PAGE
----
I hiked for 5 hours to reach a remote mountaintop in Wyoming earlier this summer. George Henley had already been there for 22 seasons.
Every summer, George spends 3 months living in a one-room cabin on top of Mt. Holmes, a 10,330-foot peak in the northwest corner of Yellowstone National Park.
By day, he looks for fires, takes weather readings, and talks to the rare hiker who makes the rigorous 9.6-mile trek to his hut. At night, he stokes a wood-burning stove and hunkers down against cold winds. Every few weeks, a helicopter delivers groceries, firewood, and propane fuel. He sometimes goes 2 or 3 weeks without seeing anyone.
George Henley with an Osborne Firefinder at his lookout atop Yellowstone’s Mt. Holmes.
“It gets lonely,” George says. “It’s the same view I see for years and years. I get tired of it sometimes. I sit here and think, ‘I’ll get out of here some day.'”
Luckily, he hasn’t left yet.
George is an important link in a national fire and weather reporting system, says Roy Renkin, a vegetation management specialist at Yellowstone.
Like George, other rangers are stationed at strategic vantage points in parks and on public lands all around the country. They keep records of wind, temperature, and humidity. They notice changes in the animals that show up from year to year. And, perhaps most important of all, at least in Yellowstone, they look for fires.
“They call in these smokes very quickly, before many people have a chance to see them,” Renkin says, referring to Yellowstone’s three firewatchers. “With the work they do, we’re able to initiate fire-management activities very soon after the fire gets observed.”
Wildfires flare up every summer all over the western United States. This past summer was especially dry in many areas, and numerous fires continue to blaze in California, Montana, Wyoming, and other states.
Experts disagree on how best to handle the blazes. Flames destroy property. They kill plants, animals, sometimes even people. Yet research continues to show that fire is a natural part of life. Entire ecosystems, in fact, may depend on it for survival.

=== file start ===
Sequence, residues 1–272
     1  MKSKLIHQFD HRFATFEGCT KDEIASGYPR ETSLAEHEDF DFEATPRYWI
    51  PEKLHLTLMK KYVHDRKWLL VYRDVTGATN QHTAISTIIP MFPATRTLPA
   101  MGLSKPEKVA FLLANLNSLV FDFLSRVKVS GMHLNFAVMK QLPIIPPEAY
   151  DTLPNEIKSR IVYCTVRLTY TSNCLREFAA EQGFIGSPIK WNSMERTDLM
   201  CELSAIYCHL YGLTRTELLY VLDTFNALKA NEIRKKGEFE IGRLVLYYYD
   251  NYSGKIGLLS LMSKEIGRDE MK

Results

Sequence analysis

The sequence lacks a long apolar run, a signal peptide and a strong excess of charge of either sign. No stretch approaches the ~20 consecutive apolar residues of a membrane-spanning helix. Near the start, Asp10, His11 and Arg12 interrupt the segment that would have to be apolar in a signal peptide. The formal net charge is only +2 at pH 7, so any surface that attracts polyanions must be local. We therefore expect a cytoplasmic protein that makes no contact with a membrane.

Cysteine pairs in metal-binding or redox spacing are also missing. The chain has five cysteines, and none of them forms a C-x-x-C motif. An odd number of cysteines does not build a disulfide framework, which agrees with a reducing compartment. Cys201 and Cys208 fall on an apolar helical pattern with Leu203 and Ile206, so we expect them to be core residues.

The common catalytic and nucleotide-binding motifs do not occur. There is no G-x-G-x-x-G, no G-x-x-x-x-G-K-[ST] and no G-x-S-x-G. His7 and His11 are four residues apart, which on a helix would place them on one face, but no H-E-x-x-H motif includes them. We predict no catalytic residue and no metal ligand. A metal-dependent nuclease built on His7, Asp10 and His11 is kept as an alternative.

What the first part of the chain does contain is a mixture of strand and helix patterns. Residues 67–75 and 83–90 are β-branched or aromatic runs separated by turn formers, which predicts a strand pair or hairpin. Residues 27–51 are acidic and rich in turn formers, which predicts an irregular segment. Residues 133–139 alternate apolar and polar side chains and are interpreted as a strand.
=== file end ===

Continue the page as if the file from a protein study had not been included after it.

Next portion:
Ever since Yellowstone became the first U.S. national park in 1872, it has been a prime tourist destination. It’s easy to see why. Old Faithful and other geysers spout water high into the air. Pungent gases bubble up through mud. Rivers of scalding hot water carve beautiful, alien landscapes that stink of sulfur.
Then, there are the animals. As we drove and hiked through the park, my friend Gabe and I felt like we were on a safari. We saw grizzly bears, elk, bison, wolves, antelope, and more.
An aerial view of Yellowstone’s Grand Prismatic Spring.
We weren’t the only ones impressed by Yellowstone’s geology and wildlife. An 11-year-old girl named Tessa, whose family was visiting the park from Seattle, was so impressed by the steaming hot-spring pools that she was writing down their names in a notebook.
“Lots of minerals!” Tessa said, when I asked her what part of the park was her favorite. Her 10-year-old brother Wesley looked bored until he started listing the animals he had seen so far—black bears, elk, deer, grasshoppers, prairie dogs—and the animals he still hoped to see: moose, wolves, jackrabbits.
Wildfires large and small
Fires deserve just as much attention as rocks and bears, Renkin insists. “We see the effects of fire on the landscape everywhere we look,” he says. “Even when you are looking at trees that are green, they are all born from an earlier fire.”
Most fires are small, Renkin says. They usually burn themselves out before they cause too much damage. And even though 3 years out of every 10 are dry enough to be serious fire years, historical records show that really big fires strike the Yellowstone area only once every 200 to 400 years.
“We don’t get them